One local company intent on helping filter more women into technology careers is Tune Inc. The mobile marketing startup, founded in 2009, is offering creative scholarships for eight young women studying computer science and technology at the University of Washington. These grants include an academic year of free room and board, weekly groceries and a mentoring program in a three-story house near the UW.

It’s not a sorority or a club, but a “hacker house” for passionate female students. The Tune House is well equipped with the latest technology and provides a comfortable environment in which the young women can live and learn.

“It’s nice to be able to connect with other women who share my interests,’’ says 17-year-old Aishwarya Mandyam, a freshman selected to live in the Tune House who wants to pursue a career that combines medicine and technology.

Tune’s cofounders, twin brothers Lee and Lucas Brown, wanted to create a live-and-learn community setting similar to their university experience of living in a dorm at Babson College that catered to budding entrepreneurs. “College is a transformative experience and a place where we can help encourage women to pursue their passion for technology,’’ says Lucas Brown.

The brothers realize their program isn’t going to single-handedly change the fact that women are underrepresented in the tech field. But in today’s information age, they are joining a growing number of local tech leaders and representatives of universities, secondary schools and nonprofits who understand that women bring diversity and new perspectives
to software engineering and other tech fields.

“Software design is inherently a creative process, and we all bring our own perspectives,” says Ed Lazowska, chair of Computer Science & Engineering at the UW. “If we have a diverse workforce, we will have a better product in the end.”

Washington state ranks fourth in the country for technology-based corporations, but 46th for participation in science and engineering graduate programs, according to the local nonprofit Washington STEM. The UW is making gains, however. Over the past 10 years, its computer science and engineering school has doubled the number of women graduating with a major in that field. Last June, 31 percent of the UW’s computer science undergraduate degrees were awarded to women, more than twice the national average.

Today, a new “cradle to career” learning culture is being promoted throughout Washington—where only 7 percent of high schools offer computer science courses—as young girls are being persuaded to become part of the next generation of programmers.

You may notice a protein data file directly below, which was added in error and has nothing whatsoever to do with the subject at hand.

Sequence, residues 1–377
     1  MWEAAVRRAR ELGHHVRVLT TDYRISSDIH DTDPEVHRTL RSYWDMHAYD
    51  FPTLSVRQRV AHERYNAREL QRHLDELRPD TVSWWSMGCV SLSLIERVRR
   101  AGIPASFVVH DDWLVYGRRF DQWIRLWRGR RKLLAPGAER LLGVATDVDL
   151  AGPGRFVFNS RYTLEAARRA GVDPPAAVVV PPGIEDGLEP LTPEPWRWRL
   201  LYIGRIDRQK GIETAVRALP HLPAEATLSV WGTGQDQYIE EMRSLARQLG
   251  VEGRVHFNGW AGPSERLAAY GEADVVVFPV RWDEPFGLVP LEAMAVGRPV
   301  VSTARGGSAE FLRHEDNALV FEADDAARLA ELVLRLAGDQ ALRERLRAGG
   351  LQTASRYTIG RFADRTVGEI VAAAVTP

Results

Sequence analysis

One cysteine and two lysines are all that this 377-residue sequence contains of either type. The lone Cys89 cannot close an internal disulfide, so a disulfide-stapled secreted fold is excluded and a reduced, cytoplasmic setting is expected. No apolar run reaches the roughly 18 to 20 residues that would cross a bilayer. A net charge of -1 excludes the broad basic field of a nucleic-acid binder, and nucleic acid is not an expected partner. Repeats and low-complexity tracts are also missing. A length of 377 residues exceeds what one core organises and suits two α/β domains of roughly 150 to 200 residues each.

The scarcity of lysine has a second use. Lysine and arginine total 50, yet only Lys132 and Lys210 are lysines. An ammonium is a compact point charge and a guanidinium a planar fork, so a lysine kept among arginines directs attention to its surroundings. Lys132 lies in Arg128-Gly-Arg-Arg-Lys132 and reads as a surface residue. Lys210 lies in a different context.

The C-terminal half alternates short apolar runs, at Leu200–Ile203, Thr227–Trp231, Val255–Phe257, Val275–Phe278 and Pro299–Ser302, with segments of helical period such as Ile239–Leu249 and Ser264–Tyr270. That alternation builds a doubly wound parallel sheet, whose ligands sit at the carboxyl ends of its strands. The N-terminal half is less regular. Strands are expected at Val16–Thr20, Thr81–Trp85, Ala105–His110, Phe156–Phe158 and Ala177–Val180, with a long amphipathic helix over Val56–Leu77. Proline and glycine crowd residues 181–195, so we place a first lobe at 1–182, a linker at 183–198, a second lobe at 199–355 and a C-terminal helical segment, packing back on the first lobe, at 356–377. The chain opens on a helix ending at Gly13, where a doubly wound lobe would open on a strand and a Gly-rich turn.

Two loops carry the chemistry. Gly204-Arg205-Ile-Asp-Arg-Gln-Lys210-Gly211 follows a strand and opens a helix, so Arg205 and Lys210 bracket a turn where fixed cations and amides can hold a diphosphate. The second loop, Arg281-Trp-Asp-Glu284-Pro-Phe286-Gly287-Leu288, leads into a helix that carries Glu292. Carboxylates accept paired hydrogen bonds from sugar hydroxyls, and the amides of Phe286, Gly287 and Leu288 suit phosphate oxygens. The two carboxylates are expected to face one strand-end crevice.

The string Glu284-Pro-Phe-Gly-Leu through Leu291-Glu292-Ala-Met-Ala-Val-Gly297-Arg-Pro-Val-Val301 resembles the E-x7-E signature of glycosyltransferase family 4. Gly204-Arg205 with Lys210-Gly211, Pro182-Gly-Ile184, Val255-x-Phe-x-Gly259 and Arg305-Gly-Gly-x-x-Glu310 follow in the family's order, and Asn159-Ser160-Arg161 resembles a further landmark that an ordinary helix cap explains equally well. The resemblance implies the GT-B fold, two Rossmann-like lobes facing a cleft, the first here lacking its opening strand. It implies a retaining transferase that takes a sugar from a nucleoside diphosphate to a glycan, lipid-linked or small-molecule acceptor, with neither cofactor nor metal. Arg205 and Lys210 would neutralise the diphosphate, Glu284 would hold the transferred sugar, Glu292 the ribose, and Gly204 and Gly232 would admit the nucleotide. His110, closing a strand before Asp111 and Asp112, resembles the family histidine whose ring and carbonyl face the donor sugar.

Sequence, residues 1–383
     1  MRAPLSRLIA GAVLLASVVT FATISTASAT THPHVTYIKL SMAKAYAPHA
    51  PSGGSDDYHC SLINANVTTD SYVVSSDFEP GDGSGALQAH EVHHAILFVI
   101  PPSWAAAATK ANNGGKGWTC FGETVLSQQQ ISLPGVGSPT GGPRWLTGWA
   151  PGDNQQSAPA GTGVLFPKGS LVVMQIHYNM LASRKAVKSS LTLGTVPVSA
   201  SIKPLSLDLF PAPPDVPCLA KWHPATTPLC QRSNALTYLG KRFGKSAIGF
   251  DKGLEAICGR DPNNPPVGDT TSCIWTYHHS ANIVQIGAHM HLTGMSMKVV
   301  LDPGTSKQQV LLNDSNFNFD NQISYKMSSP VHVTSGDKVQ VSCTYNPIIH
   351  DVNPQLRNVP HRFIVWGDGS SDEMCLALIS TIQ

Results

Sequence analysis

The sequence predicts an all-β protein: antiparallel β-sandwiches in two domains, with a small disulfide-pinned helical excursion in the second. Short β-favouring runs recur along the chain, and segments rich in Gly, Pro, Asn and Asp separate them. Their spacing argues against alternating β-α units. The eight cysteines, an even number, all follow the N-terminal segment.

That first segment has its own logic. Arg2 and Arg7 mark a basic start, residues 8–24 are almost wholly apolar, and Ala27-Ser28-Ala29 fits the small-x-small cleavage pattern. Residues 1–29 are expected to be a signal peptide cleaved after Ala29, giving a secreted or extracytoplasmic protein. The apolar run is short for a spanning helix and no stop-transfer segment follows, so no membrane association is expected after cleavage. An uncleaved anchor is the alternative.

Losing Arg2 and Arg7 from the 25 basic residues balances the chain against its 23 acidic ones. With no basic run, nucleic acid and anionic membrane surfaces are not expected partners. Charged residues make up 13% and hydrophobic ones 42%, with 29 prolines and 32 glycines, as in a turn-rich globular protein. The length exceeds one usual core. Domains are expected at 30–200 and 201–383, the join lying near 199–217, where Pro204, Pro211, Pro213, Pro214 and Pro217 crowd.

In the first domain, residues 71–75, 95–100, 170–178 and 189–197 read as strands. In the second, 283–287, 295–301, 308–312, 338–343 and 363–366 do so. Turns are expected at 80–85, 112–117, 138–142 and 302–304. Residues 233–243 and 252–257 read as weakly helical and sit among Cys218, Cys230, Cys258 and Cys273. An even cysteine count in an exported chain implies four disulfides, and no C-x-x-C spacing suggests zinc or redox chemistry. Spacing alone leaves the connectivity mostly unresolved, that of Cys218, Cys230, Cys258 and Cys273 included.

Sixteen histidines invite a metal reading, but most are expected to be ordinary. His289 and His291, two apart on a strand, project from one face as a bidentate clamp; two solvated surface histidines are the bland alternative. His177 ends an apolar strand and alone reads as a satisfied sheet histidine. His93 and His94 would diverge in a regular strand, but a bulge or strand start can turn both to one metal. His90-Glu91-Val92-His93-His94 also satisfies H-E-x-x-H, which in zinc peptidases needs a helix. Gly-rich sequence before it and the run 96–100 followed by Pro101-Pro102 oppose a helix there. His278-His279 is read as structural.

“As every industry is being turned upside down by technology, it’s critical for every Washington student to have the chance to learn how to build technology, not just use it,’’ says Hadi Partovi, cofounder and CEO of Code.org, a Seattle-based nonprofit dedicated to promoting computer science education and increasing participation by women and underrepresented students of color.

That effort got a boost last June when Governor Jay Inslee signed a law expanding computer science classes across the state and providing new access to what has become a foundational skill in Washington’s economy.

A number of organizations in Washington, including Washington STEM and Code.org, are creating STEM opportunities for women and girls. And an explosion in the number of programming boot camps—from two in 2010 to at least 60 today—is happening nationwide. These include schools such as Code Fellows, Coding Dojo and Ada Developers Academy, all of which teach coding and offer support to women in the Seattle area and other locations in the U.S.

“I’m optimistic about closing the gap,’’ says Cynthia Tee, executive director of Ada Developers Academy, which recently had 300 applicants for 24 spots in a cohort (the academy runs multiple cohorts per year). “The spirit and intention are there, but it’s going to take time.’’

The Washington Technology Industry Association (WTIA), which advocates on behalf of the local tech industry, was recently awarded $5 million to expand high-tech job opportunities for women, minorities and veterans in Washington state.

Sarah Bird, a member of WTIA’s Diversity Action Committee and CEO of Seattle marketing analytics software company Moz, says there is nothing inherent about technology that makes it unfriendly to women or other underrepresented minorities. She points out that women played major roles in the pioneering days of computer science.

But over the years, the tech culture has shifted to include stereotypes and an unfair bias against women. Says Bird,“We won’t rest until the technology industry reflects the diversity of experiences, perspectives and backgrounds that make up our communities.’’